Monday, March 24, 2008

Freedom Never Cries

Freedom Never Cries:
"Though you might after watching this video. I am not a huge fan of Five For Fighting (though it’s a great name) but John Ondrasik just gets it. He knows who the good guys are and who the bad guys are and isn’t afraid to stay it. Sadly, that’s not a very common trait among today’s purveyors of pop culture."

Friday, March 21, 2008

Monday, March 10, 2008

Major Brian Shul: "I loved that jet" - Maggie's Farm

Major Brian Shul: "I loved that jet" - Maggie's Farm: "One day, high above Arizona, we were monitoring the radio traffic of all the mortal airplanes below us. First, a Cessna pilot asked the air traffic controllers to check his ground speed. 'Ninety knots,' ATC replied. A twin Bonanza soon made the same request. 'One-twenty on the ground,' was the reply. To our surprise, a navy F-18 came over the radio with a ground speed check. I knew exactly what he was doing. Of course, he had a ground speed indicator in his cockpit, but he wanted to let all the bug-smashers in the valley know what real speed was 'Dusty 52, we show you at 525 on the ground,' ATC responded. The situation was too ripe. I heard the click of Walter's mike button in the rear seat. In his most innocent voice, Walter startled the controller by asking for a ground speed check from 81,000 feet, clearly above controlled airspace. In a cool, professional voice, the controller replied, 'Aspen 20, I show you at 1,742 knots on the ground.' We did not hear another transmission on that frequency all the way to the coast."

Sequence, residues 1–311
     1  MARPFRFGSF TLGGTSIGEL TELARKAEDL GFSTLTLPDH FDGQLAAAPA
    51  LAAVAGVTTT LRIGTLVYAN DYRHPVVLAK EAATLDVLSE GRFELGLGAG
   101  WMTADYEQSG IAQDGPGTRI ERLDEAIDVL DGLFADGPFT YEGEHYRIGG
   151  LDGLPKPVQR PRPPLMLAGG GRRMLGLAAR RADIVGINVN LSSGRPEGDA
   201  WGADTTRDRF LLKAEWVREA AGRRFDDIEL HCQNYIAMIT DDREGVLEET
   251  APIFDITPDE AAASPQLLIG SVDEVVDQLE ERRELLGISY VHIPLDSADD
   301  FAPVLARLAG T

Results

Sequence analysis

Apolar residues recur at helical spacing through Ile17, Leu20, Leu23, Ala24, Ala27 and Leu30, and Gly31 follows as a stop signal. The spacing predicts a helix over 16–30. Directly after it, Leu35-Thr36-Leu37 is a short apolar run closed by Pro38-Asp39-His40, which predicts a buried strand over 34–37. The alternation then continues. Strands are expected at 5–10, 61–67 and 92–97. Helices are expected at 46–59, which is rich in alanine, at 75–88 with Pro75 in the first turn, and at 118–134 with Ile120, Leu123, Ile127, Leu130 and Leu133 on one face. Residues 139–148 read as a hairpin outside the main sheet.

Friday, March 07, 2008

Freedom Means Responsibility - George McGovern

Freedom Means Responsibility - WSJ.com:
"Nearly 16 years ago in these very pages, I wrote that ''one-size-fits all' rules for business ignore the reality of the market place.' Today I'm watching some broad rules evolve on individual decisions that are even worse.

Under the guise of protecting us from ourselves, the right and the left are becoming ever more aggressive in regulating behavior. Much paternalist scrutiny has recently centered on personal economics, including calls to regulate subprime mortgages."

Wednesday, March 05, 2008

Interesting commentary on what people pay for in a "free" (as in information) society


Kevin Kelly -- The Technium
There are a number of other qualities similar to trust that are difficult to copy, and thus become valuable in this network economy. I think the best way to examine them is not from the eye of the producer, manufacturer, or creator, but from the eye of the user. We can start with a simple user question: why would we ever pay for anything that we could get for free? When anyone buys a version of something they could get for free, what are they purchasing?